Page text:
In the first part of this two part blog we looked at the outcomes of COP21 and the Paris Agreement which was adopted by 195 nations on the 12th of December. If you have not already read it, that article can be found here.
This time I will be looking at what impacts in terms of flooding and water supply we could expect the predicted increase in the average annual global temperatures to have on the UK water industry.
The Climate Action Tracker (CAT) which monitors the actions and global efforts of 32 nations towards reaching the globally agreed aim of holding warming below 2˚C, have suggested that the current Intended Nationally Determined Contributions (INDCs) which have been submitted, are only enough to keep the annual global mean temperature increase below +2.7˚C above pre-industrial levels by 2100 (the red range below).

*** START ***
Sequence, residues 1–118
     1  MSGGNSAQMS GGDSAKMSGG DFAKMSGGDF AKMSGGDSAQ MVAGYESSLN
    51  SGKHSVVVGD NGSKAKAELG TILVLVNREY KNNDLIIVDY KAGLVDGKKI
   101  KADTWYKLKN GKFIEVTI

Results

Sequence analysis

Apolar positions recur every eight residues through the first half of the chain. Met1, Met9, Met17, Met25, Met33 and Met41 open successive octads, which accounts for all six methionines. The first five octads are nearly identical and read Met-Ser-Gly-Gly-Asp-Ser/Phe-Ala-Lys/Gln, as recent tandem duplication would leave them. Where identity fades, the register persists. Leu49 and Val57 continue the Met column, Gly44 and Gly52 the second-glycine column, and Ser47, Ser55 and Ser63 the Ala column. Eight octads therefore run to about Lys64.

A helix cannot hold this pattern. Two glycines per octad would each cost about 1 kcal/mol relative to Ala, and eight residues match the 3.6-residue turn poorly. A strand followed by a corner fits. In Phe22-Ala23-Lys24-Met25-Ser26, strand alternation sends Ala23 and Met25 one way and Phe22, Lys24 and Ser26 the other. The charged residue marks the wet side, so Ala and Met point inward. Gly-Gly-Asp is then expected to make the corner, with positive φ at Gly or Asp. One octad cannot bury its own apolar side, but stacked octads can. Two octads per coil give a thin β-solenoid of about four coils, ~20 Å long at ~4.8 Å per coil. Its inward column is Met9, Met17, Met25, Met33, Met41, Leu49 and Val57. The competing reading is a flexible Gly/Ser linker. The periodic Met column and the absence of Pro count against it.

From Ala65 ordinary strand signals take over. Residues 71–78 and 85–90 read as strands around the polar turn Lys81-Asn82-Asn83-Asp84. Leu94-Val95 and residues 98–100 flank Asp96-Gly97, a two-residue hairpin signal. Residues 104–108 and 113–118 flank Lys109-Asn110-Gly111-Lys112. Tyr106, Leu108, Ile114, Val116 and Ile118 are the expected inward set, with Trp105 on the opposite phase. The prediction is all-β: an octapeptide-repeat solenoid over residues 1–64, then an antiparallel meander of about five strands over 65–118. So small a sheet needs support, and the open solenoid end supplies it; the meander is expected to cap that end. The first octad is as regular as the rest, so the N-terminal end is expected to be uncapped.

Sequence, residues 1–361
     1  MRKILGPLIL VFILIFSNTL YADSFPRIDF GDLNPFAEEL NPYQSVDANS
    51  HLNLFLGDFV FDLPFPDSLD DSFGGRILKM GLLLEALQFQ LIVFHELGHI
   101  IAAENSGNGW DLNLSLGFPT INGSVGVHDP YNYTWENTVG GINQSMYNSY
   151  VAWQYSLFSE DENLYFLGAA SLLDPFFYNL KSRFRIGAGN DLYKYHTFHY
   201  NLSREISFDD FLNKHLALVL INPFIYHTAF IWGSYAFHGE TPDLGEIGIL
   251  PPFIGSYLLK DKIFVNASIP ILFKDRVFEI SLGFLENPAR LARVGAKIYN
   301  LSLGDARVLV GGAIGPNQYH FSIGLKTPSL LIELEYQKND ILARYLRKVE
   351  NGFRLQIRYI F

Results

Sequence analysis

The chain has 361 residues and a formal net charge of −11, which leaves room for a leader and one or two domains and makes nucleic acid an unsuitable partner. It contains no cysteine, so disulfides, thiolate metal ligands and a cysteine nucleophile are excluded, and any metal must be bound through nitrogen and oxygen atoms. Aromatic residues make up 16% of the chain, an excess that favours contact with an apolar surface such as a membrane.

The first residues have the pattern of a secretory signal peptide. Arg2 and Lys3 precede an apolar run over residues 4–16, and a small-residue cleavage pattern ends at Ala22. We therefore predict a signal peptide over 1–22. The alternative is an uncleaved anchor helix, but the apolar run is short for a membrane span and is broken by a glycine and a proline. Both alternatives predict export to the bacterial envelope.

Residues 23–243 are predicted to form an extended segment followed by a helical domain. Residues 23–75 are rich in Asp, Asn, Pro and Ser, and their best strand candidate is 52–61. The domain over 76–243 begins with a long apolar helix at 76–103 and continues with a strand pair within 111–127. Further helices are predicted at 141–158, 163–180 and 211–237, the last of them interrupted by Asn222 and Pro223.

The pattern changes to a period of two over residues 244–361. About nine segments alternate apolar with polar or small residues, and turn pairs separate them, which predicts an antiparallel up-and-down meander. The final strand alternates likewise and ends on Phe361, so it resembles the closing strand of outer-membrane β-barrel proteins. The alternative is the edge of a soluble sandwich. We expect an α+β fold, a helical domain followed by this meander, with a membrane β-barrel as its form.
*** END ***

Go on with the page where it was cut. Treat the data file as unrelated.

The graph below shows the estimated 2100 temperature ranges based on different greenhouse gas emission scenarios.
- The red range is based on the current global pledges and INDCs, the CAT predict with these pledges the annual global mean temperature will reach between +2.4˚C and +2.7˚C above pre-industrial levels.
- If the current national policies were continued it has been estimated that this range would increase to between +3.3˚C and +3.9˚C by 2100 (blue).
- Finally, by way of comparison the grey range is based on 5%-95% percentile of the Intergovernmental Panel on Climate Change AR5 WGIII scenarios in concentration category 7 (based on CO2e concentration of greater than 1000ppm by 2100).
While this ‘baseline’ category is extremely unlikely, it is an interesting exercise to examine what is essentially the worst case impact. It is also worth pointing out that agreement in Paris does not necessarily deliver a successful outcome , it will very much be the case of watching how things develop. However if no change were made to climate policy, it has been estimated that nearly half of the world’s 60 largest economies will face a serious risk of water shortages. Where choices have to be made there may ulitmately be a conflict in demand between agriculture and energy since they are the two most water intensive industries.